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In an effort to reduce the spread of COVID-19, many Idahoans started avoiding public spaces and working remotely throughout the Treasure Valley. To some, particularly those in abusive relationships, this isn’t always the safest option; home just might be more dangerous than the outside world.

Kelly Miller, executive director of the Idaho Coalition Against Sexual and Domestic Violence, said while the novel coronavirus isn’t a cause for domestic or sexual violence, health and economic challenges can add to the pressures already facing survivors, who now must be in close proximity to their abuser, further compromising their personal welfare.

“And anyone who is experiencing violence may be experiencing increased isolation due to the national pandemic,” Miller added. “Our response to COVID-19 must include taking care of each other and reaching out to make sure that everyone has the support they need and if they feel safe at home.”

During a national health crisis, abusive partners may withhold necessary items — such as food, money, hand sanitizer or disinfectants — threaten to cancel insurance or prevent survivors from seeking medical attention if they need it, according to the National Hotline for Domestic Violence.

Travel restrictions may impact one’s ability to escape the situation, and survivors might fear entering shelter because they are afraid to be in close quarters with groups of people, especially if they have children.

The current statewide and national demands for self-isolation and social distancing also could cause an abuser, who relies on the power and control they have over a victim (child, elder or intimate partner), to feel more justified in their actions, prompting possible escalation.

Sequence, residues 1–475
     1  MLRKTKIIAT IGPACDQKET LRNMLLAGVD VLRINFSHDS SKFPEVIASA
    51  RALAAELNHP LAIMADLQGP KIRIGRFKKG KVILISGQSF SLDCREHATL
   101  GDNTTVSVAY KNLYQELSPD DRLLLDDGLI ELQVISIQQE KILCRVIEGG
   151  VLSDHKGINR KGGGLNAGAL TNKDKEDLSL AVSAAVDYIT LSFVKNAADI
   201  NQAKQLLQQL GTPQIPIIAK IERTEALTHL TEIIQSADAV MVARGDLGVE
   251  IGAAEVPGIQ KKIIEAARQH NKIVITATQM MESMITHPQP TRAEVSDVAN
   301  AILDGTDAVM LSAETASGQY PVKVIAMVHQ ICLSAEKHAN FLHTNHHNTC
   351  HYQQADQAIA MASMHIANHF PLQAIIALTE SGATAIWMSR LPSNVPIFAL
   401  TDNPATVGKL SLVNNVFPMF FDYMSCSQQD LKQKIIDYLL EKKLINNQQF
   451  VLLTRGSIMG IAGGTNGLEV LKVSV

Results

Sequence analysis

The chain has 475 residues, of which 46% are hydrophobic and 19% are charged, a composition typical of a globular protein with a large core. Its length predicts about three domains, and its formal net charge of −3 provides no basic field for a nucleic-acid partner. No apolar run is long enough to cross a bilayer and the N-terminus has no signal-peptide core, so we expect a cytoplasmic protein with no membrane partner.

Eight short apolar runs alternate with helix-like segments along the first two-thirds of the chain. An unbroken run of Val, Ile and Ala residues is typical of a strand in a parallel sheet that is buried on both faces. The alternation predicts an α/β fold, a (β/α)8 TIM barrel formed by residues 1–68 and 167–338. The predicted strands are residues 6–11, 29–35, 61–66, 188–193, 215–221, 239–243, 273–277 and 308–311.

“The situation is so much more volatile,” said Jeannie Strohmeyer, program manager at the Nampa Family Justice Center. “We have people where work is their safe place, and now, that’s not available to them. Now, they’re under constant surveillance. … There is a high number of victims in our community being impacted by this. People need to be aware that this is happening. You may consider your home a safe haven, but for your neighbor, it could be their most dangerous place.”

The National Coalition Against Dating Violence reports nearly 30% of Idaho women will experience physical violence, sexual assault and/or stalking by an intimate partner. Nationally, about 25% of women, or one in four, will be a victim of this type of abuse in their lifetime; for men, it’s one in 10. Strohmeyer said these statistics align with what the Family Justice Center is seeing each day in the area.

Strohmeyer said people often stay in abusive relationships because of fear, financial dependence and a lack of resources, such as housing options or child care. And while many wish they could leave their abuser, they remain due to a variety of these factors, which could include anxiety over COVID-19. In some cases, she added, victims even believe the abuse is their fault.

“The abuser thinks they own, possess or have the right to do whatever they want with the victim, and that’s not changing. Abusers know exactly what they are doing and are very careful about it,” Strohmeyer said. “So, what we have to is recognize that, and say, ‘Now what? How do we handle this? How can we come to them?’”

The Boise-based Idaho Coalition has provided guidance to the state’s domestic and sexual violence organizations, Miller said, such as “shifting to mobile advocacy, where advocates provide safety planning and support to anyone who impacted by domestic or sexual violence via video conferencing or on the phone, or going to where the survivor is and reducing the number of survivors in the agency.”

Similar tactics are being utilized at the Family Justice Center to make services more available via various technologies, such as Facebook Messenger, Strohmeyer said. Although, the organization, located at 1305 Third St. S. in Nampa, remains open from 8 a.m. to 5 p.m. weekdays. Strohmeyer added people in abusive situations need to be cautious and make sure their phone, computer, social media or email isn’t being monitored by the abuser — although, it could be very likely.